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Foreign Investors Turn To Student Housing Projects For Safety

As the bull market reaches its eighth year, foreign investors are shifting their focus from trophy assets to safer bets like student housing.


The student housing sector has been deemed "recession-proof" for its ability to weather the storm that a financial crisis can bring. While enrollment in colleges has been on the decline since 2010, enrollment in public universities has increased — particularly in the case of Tier 1 postsecondary schools with STEM programs. Residences near these universities have also become sought-after assets, the Wall Street Journal reports.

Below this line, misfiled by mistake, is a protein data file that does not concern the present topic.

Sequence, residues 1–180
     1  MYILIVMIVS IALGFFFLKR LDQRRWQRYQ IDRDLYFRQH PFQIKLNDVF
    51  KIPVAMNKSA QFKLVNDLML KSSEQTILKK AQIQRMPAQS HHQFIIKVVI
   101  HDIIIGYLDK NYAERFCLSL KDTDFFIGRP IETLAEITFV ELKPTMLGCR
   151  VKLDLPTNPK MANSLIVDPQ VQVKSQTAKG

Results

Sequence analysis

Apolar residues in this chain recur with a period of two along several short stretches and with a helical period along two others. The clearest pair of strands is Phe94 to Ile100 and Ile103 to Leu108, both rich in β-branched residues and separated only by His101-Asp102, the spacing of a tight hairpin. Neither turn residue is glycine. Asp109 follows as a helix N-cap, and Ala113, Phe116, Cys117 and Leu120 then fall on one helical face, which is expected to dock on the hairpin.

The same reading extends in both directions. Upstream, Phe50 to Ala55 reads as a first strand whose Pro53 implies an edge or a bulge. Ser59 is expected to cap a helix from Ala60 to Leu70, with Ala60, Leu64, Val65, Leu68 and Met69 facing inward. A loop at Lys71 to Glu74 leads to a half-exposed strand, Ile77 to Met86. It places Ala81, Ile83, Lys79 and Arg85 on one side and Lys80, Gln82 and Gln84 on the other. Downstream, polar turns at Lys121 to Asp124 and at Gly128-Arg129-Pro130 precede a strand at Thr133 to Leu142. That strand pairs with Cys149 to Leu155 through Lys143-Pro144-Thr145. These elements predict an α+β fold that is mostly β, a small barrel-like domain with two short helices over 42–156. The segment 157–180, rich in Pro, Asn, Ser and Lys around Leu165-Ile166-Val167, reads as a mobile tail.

Nearly half of the student housing transactions this year have been driven by foreign capital. This is up 6% from 36% in 2017 and 21% in 2016, according to the WSJ.

Last year, Scion Group, the Canada Pension Plan Investment Board and Singapore sovereign wealth fund GIC formed a joint venture to purchase three U.S. student housing portfolios for $1.6B. In January, the JV announced a $1B acquisition of another 22 student housing properties. Since its inception in 2016, the JV has purchased a total of $4B in student housing assets in 52 university markets.

Similarly, Mapletree Investments Pte, which is owned by Singapore-based Temasek Holdings, acquired an 850-bed student housing facility in University City, Philadelphia, for $197.5M.